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Perioperative management of the geriatric trauma patient 

Perioperative management of the geriatric trauma patient
Perioperative management of the geriatric trauma patient

Aris Sophocles

and Ashish C. Sinha

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date: 15 July 2020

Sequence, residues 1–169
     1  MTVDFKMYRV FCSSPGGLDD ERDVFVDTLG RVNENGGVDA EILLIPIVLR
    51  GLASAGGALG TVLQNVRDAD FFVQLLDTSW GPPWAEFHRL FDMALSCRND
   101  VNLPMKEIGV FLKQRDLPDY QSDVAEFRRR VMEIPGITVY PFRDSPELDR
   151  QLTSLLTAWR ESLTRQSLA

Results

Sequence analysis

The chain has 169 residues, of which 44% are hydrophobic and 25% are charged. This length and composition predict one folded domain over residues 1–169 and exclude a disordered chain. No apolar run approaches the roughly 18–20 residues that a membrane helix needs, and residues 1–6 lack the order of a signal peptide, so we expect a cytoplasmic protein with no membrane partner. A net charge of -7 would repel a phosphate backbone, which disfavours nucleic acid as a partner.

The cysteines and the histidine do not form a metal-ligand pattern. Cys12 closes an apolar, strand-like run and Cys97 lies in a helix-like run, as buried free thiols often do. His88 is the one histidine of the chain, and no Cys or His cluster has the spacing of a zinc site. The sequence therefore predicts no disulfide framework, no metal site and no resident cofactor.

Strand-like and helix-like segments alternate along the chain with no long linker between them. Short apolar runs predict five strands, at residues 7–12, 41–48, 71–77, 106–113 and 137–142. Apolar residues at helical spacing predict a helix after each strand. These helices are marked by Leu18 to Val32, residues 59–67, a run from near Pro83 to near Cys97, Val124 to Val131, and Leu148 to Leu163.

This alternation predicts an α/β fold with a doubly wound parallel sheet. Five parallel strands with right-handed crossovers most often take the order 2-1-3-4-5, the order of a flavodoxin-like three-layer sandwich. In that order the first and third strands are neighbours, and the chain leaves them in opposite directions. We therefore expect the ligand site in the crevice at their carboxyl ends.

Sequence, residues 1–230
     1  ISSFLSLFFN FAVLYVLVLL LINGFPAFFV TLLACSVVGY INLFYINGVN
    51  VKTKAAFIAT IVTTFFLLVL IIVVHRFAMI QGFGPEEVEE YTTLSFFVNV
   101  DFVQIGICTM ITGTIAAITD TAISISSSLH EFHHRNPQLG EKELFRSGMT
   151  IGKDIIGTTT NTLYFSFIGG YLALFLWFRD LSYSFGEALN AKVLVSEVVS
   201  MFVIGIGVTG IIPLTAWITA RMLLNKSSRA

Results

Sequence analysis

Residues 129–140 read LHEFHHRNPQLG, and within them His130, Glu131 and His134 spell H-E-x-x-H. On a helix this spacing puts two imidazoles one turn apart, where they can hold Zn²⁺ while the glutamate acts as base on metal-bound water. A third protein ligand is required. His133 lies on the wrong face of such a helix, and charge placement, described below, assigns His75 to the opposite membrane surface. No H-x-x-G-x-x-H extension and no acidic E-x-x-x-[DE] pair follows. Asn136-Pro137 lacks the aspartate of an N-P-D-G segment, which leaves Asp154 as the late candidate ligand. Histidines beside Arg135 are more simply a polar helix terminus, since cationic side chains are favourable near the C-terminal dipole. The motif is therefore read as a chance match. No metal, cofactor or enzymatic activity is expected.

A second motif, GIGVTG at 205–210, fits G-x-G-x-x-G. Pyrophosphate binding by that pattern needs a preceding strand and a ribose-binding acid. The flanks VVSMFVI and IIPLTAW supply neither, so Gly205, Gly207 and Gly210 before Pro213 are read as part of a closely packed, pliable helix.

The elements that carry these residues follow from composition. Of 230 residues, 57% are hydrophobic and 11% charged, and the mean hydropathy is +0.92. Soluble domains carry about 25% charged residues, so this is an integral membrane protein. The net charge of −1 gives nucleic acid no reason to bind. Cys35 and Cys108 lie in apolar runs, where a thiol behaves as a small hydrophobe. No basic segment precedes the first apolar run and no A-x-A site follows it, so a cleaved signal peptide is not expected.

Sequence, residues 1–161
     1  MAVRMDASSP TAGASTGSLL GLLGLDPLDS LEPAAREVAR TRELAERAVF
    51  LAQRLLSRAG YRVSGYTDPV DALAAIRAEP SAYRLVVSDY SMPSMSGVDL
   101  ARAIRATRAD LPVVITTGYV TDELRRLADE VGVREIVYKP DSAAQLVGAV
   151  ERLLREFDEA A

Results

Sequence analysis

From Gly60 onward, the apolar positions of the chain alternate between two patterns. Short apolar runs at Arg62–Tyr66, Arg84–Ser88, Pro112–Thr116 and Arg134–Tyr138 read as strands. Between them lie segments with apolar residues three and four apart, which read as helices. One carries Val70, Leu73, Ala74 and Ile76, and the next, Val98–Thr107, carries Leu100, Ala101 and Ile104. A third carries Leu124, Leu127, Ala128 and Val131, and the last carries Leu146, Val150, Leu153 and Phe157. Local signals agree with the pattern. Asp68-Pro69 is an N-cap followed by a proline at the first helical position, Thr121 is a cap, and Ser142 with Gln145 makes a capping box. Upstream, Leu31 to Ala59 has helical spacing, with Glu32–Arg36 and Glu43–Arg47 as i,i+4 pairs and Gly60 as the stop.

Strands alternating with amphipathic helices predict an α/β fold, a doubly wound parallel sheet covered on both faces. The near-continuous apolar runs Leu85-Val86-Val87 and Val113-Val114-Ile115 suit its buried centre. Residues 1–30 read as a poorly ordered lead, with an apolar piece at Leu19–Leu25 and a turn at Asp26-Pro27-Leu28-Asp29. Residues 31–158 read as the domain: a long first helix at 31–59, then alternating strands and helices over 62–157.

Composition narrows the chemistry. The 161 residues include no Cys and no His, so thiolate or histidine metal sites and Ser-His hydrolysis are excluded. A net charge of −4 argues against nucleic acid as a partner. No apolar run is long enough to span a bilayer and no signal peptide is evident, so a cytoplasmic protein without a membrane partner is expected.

This chapter focuses on the physiological changes that affect the incidence of, and response to, perioperative management of traumatic injury in the elderly. Causes for increased morbidity and mortality in elderly patients than that found in younger patients suffering the same trauma are reviewed. Emphasis is placed on questioning why the trauma occurred; was it a dysrhythmia causing a fall or a stroke leading to a traffic collision? Elder abuse is discussed as a possible cause to be excluded. It reviews the specific physiological changes with age of particular relevance to the trauma patient including reduced responsiveness to hypoxia and hypercarbia, reduced airway sensitivity, and the frequency of silent aspiration in the elderly. Fluid balance is reviewed and the adverse effects of poor management highlighted. Brain and bony injuries are more common for any given traumatic event and the causes are reviewed. Finally, key anaesthetic considerations are reviewed.

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